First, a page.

Canadian Government Eliminates Conditional Permanent Residence


As a sponsored spouse or partner of a Canadian citizen or permanent resident, you were previously required to have lived with your sponsor for at least two years in order to continue your permanent residence. Failing to meet this residence requirement could cause you to lose your permanent resident status. However, this condition was removed by the Canadian government in a bid to display its commitment to reuniting families.

Who will be affected?

The new changes will now apply to those who are in the process of sponsoring their spouses and partners to become permanent residents and anyone else who was subject to the rule. This critical change was made to help minimize the cases of gender violence and to further gender equality. You’ve possibly heard of cases where spouses, as well as partners, would stay in an abusive relationship for years for fear of losing their permanent resident status. Although there was an exception that applied to such situations where partners or spouses were experiencing some form of abuse in the relationship, this was not always easy to prove, and removing the conditional permanent residence will go a long way in helping immigrants experiencing difficult relationships.

How it worked

The conditional permanent residence was introduced by the former Conservative government on October 25th, 2012. After its introduction, many foreign spouses entered Canada as conditional permanent residents. This simply meant that for them to keep their residence status, they had to remain living together with their sponsors for at least two years after landing in Canada. On April 28, 2017, the recently elected Liberal government eliminated this requirement. After that date the two-year requirement is no longer in force, even if the spouse’s permanent resident visa indicates that the permanent residence is subject to the conditional two-year period.

With the current changes, no immigrant should fear walking out of an abusive relationship for fear of losing their status. The government has made it clear that such people will not be subject to loss of status, and that it will continue its efforts to reunite families in Canada. In fact, eliminating this condition is one indication that the government perceives the majority of marriages to foreign nationals are genuine. It shows that the government actually believes that most marriages are made in good faith whenever sponsorship applications are involved.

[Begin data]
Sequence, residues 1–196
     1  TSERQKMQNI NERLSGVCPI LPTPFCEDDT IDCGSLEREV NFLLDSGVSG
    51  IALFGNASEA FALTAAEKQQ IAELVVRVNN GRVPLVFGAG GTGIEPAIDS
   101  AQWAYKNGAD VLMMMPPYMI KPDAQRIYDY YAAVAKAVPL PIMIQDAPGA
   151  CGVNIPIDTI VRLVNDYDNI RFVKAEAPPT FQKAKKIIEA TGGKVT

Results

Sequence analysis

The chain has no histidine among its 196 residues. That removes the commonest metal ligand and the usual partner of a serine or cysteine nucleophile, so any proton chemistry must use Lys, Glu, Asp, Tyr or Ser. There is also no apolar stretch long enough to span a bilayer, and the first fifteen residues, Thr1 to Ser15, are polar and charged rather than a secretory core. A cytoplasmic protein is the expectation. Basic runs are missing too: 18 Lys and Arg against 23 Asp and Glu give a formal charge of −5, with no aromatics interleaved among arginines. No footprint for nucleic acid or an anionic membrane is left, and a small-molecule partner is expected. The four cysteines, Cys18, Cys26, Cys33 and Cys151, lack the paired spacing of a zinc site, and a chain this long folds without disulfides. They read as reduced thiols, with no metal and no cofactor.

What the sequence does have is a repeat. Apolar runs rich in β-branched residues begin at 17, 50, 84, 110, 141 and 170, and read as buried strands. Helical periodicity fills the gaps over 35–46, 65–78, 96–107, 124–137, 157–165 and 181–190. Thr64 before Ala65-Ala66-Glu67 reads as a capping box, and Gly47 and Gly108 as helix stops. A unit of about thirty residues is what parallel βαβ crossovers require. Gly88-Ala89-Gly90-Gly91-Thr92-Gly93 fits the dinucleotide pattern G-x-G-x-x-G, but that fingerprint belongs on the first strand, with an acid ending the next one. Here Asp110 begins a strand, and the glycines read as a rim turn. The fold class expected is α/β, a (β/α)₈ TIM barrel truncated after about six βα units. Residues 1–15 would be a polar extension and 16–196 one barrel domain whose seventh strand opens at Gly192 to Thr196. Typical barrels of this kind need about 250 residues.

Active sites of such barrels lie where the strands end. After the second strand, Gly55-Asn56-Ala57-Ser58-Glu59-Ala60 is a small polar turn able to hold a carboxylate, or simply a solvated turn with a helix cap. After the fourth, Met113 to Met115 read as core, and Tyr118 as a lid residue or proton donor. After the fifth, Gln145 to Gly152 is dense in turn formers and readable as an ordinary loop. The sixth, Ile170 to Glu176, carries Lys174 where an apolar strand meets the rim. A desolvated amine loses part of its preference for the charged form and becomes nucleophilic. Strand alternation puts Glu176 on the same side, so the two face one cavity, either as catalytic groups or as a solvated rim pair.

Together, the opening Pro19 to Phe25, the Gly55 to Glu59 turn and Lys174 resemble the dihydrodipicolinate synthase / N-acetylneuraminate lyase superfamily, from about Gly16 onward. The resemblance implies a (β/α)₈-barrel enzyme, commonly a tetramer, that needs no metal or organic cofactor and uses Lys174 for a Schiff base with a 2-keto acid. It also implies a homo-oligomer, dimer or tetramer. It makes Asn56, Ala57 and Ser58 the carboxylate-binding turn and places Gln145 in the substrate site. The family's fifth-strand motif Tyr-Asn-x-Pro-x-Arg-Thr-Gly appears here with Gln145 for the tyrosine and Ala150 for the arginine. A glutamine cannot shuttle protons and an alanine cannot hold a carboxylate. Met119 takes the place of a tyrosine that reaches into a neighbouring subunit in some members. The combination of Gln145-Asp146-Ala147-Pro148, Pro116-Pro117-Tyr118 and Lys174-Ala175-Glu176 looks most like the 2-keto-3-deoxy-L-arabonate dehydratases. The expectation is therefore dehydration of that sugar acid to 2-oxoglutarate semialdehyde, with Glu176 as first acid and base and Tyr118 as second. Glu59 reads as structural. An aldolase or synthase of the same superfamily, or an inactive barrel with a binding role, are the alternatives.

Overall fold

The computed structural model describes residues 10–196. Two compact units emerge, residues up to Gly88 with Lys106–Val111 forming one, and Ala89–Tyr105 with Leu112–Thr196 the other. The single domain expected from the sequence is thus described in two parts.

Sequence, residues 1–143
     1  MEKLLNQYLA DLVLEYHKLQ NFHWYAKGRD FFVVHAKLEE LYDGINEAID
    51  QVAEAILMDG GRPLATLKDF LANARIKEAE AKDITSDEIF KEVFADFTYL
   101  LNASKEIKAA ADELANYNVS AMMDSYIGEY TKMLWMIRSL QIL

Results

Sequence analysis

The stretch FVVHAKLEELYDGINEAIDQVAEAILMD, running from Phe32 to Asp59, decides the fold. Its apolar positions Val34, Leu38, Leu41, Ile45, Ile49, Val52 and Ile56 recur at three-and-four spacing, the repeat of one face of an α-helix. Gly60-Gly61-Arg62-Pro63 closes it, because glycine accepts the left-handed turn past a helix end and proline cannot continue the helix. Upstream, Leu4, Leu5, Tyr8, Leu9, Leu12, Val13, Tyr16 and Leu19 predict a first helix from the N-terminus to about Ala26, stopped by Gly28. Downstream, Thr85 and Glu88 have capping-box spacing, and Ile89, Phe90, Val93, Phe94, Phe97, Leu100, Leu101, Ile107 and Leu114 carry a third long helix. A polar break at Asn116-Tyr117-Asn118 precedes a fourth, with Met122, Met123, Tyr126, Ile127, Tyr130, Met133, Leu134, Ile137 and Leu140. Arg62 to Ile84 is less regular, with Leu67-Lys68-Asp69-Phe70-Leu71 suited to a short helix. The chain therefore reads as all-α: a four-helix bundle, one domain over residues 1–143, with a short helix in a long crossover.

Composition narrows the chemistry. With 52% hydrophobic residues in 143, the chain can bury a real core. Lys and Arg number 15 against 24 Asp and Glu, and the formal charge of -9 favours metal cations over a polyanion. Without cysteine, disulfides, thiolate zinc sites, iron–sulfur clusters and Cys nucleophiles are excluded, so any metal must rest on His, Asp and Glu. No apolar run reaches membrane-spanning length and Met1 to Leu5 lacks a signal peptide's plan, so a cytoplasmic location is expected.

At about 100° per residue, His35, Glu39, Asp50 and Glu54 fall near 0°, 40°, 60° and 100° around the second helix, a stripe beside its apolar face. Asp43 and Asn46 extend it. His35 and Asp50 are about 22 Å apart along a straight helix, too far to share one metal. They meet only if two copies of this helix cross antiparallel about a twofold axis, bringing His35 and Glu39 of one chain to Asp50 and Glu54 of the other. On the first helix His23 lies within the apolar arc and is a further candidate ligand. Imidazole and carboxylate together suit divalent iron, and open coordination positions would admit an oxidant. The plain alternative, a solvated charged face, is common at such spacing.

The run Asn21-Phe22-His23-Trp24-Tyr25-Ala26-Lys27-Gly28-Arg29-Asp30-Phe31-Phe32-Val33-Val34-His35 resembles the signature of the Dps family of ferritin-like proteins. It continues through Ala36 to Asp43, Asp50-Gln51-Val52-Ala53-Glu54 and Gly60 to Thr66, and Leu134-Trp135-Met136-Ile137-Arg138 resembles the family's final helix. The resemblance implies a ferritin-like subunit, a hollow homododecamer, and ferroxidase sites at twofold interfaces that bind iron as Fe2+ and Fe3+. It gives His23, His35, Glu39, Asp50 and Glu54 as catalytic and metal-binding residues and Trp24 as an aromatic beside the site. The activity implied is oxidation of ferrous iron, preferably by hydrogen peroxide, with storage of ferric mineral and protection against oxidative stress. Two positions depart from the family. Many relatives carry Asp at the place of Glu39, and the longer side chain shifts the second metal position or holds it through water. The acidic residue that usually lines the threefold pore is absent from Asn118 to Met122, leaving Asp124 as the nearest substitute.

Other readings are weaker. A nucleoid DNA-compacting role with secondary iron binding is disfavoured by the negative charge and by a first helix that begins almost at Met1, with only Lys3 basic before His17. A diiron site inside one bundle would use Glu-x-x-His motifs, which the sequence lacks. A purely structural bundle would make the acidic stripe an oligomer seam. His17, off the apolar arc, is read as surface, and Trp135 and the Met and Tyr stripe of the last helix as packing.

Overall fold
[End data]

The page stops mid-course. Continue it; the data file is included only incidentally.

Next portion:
Why the Canadian government lifted conditional permanent residence

There are several reasons why conditional permanent residence was introduced. First, the Canadian government used this rule to prevent people from entering Canada through marriages of convenience or non-genuine relationships. However, if the sponsor died or the sponsored person was a victim of abuse, this rule could be overlooked by the IRCC.

A few years later after its introduction, some stakeholders expressed their concerns about the conditional permanent residence. The main concern was that the rule failed to protect the sponsored spouses or partners and instead put them in a vulnerable position. In fact, most victims of abuse were simply not aware that there were exceptions to the condition and therefore chose to remain in the abusive relationships rather than risk losing their status in Canada. Many victims feared they would be unable to prove the abuse or neglect by their alleged abuser and that they would face deportation if the exception was rejected. Many victims of abuse were powerless and were prevented from leaving their sponsor or going to the authorities. As a result of these issues, the government agreed that this was a serious problem and scrapped the two-year requirement.

As a sponsored person, you are still required to wait for 5 years from the day you were granted permanent residence before you can sponsor a new spouse or partner to enter Canada. Working with a family sponsorship lawyer helps you to understand your options when filling out the application, and to keep you appraised of any changes to the law that will impact your application.

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